In Mark Harris’s book “Five Came Back,” Harris chronicles director William Wyler’s thoughts as he grappled with making “The Best Years of Our Lives.” He talks about his decision to cast the non-actor and real-life amputee Harold Russell as Homer, a man who lost his hands not in the war but during training. In making that choice, Wyler said he was dedicated to honesty and authenticity. He looked at thousands of veterans returning home to watch his movie, and he knew anything that didn’t ring completely true to their experience would fall flat.
Today when we think of authenticity, it’s the opposite of Hollywood endings and drama. It’s grittily real, dark and cynical. Earlier in “Five Came Back,” an early treatment of “The Best Years of Our Lives” became the novel “Glory for Me” by Mackinlay Kantor. Harris describes the book as “more explicitly brutal than any movie of the time could have been,” and that the “hardbitten pessimism of [Glory For Me’ was tonally closer to the budding genre of postwar noir.”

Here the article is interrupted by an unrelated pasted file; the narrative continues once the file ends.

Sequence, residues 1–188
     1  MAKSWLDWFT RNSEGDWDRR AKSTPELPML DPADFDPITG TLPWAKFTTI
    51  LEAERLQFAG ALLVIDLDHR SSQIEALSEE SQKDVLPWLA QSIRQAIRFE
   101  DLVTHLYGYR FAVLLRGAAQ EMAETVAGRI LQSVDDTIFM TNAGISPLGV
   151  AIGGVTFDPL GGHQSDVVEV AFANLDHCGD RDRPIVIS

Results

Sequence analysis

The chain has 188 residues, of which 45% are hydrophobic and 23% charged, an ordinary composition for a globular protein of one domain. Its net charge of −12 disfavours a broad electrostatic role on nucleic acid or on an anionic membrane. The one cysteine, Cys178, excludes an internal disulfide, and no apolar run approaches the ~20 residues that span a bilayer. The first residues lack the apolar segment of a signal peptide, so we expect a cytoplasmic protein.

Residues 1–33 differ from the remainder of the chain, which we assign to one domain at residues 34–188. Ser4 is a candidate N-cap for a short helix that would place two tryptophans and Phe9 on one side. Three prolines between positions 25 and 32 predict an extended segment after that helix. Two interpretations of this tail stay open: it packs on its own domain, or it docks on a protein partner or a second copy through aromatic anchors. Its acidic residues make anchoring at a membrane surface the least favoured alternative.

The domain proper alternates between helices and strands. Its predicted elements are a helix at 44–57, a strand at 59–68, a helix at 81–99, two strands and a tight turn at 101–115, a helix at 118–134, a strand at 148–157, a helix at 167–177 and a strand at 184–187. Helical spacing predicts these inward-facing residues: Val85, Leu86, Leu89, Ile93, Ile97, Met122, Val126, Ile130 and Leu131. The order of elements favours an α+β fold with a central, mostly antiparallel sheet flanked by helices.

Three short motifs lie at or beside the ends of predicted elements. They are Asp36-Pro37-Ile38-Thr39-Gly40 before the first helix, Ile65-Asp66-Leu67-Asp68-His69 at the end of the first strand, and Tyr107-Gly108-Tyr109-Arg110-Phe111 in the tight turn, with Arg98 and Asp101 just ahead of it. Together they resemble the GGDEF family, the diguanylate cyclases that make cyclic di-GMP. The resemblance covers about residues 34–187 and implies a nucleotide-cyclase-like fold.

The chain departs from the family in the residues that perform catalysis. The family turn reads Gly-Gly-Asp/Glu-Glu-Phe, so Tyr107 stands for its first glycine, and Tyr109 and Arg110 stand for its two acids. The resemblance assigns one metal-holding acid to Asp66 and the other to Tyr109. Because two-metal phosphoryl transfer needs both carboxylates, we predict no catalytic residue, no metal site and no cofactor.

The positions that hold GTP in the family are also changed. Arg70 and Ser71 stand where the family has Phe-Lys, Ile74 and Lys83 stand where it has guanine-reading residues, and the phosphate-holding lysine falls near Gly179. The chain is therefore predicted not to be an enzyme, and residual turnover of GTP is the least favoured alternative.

This is the film that would get made today. The returning soldiers have been through hell and back, and the civilians on the home front have taken their jobs and spit in their faces, either oblivious or uncaring to the challenges of PTSD. We’ve seen it in Vietnam movies, Iraq movies and more contemporary World War II stories. And journalists would write about those films as though these were the ones that captured the reality of the world.
Except Wyler’s film today seems the most authentic. It has a classical, Hollywood-friendly love story and uplifting ending despite some tough themes and drama. “The Best Years of Our Lives” doesn’t grapple with the extraordinary cases and nightmares but the ordinary people returning home. It’s 170 minutes long but feels intimate and small in its scope. Whereas other war films have been intrinsically tied to the politics and the pulse of the day, “The Best Years of Our Lives” feels timeless. Continue reading “The Best Years of Our Lives (1946)”